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Qi Guo Xiangxi



Medieval, Modern


Eastern Asia


Board, War, Xiangqi.


Qi Guo Xiangxi ("Xiangxi of the Seven Kingdoms") is a seven-player Xiangqi game from eleventh century China. Its invention is attributed to the official Sima Guan, and is meant to be a representation of the conflict during the Warring States Period of Chinese history.


19x19 lines, pieces are played on the intersections of the lines. Seventeen pieces per player, each with special moves, as follows: Jiang (General) x1: moves orthogonally or diagonally any distance; Pian (Deputy General) x1: Moves orthogonally any distance; Bai (Officer) x1: moves diagonally any distance; Ren (Emissary) x1: moves orthogonally or diagonally any distance, but cannot capture or be captured; Pao (Catapult) x1: moves orthogonally any distance, but can only capture by jumping over one of the player's own pieces first; Gong (Bow) x1: moves orthogonally or diagonally four spaces; Nu (Crossbow) x1: moves orthogonally or diagonally five spaces; Dao (Knife) x2: moves one space diagonally; Jian (Sword) x4: moves one space orthogonally; Qi (Mounted riders) x4: moves one space in a straight line then three diagonally, does not jump. Seven players. Players play as seven states: Ch'in (white), Ch'u (red), Han (orange), Ch'i (dark blue), Wei (green), Chao (purple), and Yen (black). They play in that order. One piece, the Chou (King, which is yellow), is placed in the central spot and does not move and pieces cannot enter that space. Pieces capture an enemy piece by moving to the spot it occupies. A player is eliminated when their general or ten of their pieces are captured, and their remaining pieces are removed from the board. Play continues until one player remains, one player captures two generals, or one player captures thirty pieces. The player with the most captured pieces wins.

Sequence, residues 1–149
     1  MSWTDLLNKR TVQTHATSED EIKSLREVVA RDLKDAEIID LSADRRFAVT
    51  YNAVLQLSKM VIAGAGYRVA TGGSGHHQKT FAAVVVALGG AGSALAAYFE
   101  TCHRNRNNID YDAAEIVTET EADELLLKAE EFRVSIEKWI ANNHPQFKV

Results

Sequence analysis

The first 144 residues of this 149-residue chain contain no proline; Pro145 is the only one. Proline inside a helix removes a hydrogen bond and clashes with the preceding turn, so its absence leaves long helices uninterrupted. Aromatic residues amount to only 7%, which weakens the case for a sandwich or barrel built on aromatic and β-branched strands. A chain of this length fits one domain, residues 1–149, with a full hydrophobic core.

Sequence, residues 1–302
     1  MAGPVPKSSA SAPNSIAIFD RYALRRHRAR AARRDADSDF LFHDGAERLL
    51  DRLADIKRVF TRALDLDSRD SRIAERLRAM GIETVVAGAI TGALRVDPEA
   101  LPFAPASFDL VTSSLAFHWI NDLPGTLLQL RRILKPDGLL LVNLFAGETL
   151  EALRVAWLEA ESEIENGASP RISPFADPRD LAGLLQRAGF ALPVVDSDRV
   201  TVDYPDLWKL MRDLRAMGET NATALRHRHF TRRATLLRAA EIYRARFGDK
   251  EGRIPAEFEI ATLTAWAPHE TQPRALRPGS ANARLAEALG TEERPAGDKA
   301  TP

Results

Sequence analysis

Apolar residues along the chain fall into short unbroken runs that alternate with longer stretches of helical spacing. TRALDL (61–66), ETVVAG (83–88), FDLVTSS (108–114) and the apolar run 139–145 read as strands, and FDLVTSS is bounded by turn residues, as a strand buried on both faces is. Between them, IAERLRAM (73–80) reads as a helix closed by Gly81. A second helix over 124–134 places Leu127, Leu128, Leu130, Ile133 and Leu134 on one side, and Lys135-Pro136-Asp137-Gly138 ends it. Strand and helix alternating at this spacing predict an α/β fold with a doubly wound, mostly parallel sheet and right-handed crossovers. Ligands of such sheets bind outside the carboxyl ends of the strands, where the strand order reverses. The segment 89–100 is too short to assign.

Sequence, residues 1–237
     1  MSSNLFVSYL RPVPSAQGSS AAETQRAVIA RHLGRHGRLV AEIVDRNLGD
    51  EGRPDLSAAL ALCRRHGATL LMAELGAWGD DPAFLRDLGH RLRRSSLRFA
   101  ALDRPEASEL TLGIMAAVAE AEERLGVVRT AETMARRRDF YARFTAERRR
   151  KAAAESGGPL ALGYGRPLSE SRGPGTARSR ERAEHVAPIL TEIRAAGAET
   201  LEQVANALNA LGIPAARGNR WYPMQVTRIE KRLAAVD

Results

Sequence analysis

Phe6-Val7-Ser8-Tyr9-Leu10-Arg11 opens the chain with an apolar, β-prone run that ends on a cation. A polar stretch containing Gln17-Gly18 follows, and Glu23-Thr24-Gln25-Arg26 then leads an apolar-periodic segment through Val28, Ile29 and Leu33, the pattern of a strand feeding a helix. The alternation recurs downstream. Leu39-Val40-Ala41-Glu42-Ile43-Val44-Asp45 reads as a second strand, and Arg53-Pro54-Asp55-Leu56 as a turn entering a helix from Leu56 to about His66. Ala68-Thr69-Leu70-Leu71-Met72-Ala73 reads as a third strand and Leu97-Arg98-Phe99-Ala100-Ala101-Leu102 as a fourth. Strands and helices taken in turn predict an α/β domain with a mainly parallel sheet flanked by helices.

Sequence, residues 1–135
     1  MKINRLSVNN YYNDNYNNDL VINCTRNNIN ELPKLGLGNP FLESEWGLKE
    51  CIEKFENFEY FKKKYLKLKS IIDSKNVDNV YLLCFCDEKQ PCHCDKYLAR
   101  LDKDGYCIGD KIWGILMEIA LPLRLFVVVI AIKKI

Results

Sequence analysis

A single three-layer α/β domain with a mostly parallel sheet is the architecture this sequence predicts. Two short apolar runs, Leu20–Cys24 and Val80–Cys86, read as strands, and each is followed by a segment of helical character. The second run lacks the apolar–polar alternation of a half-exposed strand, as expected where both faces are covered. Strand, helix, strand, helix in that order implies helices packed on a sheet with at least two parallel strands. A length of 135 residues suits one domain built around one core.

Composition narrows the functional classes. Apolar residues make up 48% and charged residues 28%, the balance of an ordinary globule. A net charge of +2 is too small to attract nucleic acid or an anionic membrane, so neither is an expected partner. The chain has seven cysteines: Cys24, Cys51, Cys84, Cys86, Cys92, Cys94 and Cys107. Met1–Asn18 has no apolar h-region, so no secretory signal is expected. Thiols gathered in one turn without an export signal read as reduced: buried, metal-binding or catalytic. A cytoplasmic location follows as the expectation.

Leventhal 1978: 24-27



Ludeme Description

Qi Guo Xiangxi.lud


Lo and Wang 2005: 171.

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Leventhal, D. 1978. The Chess of China. Taipei: Mei Ya.

Lo, A. and T.-C. Wang. 2005. "Spider Threads Roaming the Empyrean: The Game of Weiqi." In C. Mackenzie and I. Finkel (eds.), Asian Games: The Art of Contest. New York: Asia Society, 185-201.



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